501 to 600 Good concept (or other noun), works pretty well
601 to 700 Very strong idea (or other noun), great execution
701 to 800 Customers are wild about it (or Excellent)

In exemplary embodiment of the invention, the key score is the percent of the sample scoring the concept or product over 600. In this embodiment, the percentage of customers scoring the new concept over 600 would be considered the top score using the technique according to the invention. This has a high correlation with subsequent product success in the market place.

The system generates sample thresholds or norms for product performance based on the experience of testing many similar products. The thresholds are the scores that successful products achieve. The user of the system may choose a threshold or adopt one recommended by the system for the type of product being tested.

The system is designed for multiple iterations. Iterations include testing the concept or product experience, reviewing the test results, modifying the concept or product based on the test results and repeating the tests with new survey participants. Both the concept developer and the product developer are used in iterations of the concept or product features until the user of the system achieves the desired results.

The Concept Developer is iterated until one of two events occurs: either the developer gives up, since the concept and a more detailed description of the concept cannot be improved to meet target thresholds, or having exceeded target thresholds, subsequent iterations do not improve concept performance.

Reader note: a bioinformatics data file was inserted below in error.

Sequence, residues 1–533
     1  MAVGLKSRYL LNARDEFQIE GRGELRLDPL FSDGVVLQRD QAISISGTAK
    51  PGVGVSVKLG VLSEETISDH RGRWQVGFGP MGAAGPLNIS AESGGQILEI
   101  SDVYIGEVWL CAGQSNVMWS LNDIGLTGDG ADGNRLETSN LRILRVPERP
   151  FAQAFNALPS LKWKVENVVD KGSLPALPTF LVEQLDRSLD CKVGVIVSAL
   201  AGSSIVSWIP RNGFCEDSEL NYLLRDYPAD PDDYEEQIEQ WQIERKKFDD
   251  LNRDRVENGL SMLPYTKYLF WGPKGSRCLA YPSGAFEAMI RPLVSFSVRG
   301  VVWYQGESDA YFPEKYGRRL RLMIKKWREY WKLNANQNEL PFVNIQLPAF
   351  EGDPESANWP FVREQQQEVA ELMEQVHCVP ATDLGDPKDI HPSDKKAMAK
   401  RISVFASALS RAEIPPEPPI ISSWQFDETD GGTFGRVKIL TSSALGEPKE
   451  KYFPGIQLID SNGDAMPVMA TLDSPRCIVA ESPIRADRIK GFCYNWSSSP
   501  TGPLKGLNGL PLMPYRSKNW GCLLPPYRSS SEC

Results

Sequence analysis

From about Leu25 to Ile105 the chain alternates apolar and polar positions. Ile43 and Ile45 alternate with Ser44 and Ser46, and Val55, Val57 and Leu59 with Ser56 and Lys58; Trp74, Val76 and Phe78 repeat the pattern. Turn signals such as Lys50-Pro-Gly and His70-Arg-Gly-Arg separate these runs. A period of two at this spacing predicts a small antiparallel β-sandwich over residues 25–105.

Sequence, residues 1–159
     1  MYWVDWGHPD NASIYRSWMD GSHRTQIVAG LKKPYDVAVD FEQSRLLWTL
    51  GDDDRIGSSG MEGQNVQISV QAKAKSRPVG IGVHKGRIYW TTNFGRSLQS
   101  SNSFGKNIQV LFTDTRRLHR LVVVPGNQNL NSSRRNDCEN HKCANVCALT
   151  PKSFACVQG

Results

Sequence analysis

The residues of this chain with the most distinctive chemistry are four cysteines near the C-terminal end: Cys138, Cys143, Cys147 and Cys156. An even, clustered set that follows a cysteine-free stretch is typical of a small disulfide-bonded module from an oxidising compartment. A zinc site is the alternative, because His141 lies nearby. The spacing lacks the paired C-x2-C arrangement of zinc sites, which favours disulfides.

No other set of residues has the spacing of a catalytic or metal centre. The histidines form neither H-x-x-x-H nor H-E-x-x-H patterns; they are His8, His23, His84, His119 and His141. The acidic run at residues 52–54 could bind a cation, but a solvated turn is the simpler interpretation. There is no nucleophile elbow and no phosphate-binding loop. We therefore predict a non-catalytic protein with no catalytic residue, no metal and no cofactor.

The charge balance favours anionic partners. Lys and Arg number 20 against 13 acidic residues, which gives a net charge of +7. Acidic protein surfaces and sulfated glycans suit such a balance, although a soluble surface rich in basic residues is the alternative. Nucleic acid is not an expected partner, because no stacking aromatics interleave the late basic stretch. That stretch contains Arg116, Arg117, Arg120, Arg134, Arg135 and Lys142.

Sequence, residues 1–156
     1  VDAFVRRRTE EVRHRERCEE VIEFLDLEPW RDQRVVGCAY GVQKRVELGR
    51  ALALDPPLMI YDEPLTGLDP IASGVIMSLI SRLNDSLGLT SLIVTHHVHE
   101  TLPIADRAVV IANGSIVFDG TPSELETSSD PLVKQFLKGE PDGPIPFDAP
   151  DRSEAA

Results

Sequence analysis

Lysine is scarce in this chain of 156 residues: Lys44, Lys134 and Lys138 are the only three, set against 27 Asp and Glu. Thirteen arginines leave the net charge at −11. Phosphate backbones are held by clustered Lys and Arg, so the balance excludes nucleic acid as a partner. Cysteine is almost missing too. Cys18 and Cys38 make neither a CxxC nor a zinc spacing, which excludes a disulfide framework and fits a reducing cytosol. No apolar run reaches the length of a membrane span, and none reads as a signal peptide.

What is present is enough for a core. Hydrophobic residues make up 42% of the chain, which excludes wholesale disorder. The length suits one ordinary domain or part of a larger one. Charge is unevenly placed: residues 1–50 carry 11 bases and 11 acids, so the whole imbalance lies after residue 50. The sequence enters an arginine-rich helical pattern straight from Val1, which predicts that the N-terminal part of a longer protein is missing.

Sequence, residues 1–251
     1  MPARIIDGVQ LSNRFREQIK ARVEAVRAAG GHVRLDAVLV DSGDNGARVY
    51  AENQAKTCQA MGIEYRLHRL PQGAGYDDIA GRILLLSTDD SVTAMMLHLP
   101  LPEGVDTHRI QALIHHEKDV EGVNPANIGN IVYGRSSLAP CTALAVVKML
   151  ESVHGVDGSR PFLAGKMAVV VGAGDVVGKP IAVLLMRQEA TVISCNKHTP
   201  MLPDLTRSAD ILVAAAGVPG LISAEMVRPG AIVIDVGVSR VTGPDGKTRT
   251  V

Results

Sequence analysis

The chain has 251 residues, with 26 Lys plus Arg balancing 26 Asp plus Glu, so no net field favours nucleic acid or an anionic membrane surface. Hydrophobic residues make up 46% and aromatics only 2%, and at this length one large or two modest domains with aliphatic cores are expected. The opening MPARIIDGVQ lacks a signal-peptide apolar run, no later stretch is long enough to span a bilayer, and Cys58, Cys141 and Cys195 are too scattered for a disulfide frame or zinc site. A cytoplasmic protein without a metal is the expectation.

The Product Developer works in a similar manner. The system asks the customer or other respondent to compare the product concept to various implementations of the product, such as on-line applications, advertisements, direct mail offerings, physical embodiments of the product, product experiences of taste, wearability, usefulness, quality, or many other examples that would be apparent to those skilled in the art. The system asks the customer to rank each component under consideration quantitatively and objectively to identify how strongly the component supports the concept. Based on the customer's ranking, the system generates an overall score and a score of how well each of the components supports the product concept. If a key component does not meet minimum thresholds, the system generates a plain English message to the user of the system. If additional strengthening, addition of elements to the product, or reduction of the price does not improve performance, the system generates important information to the developer.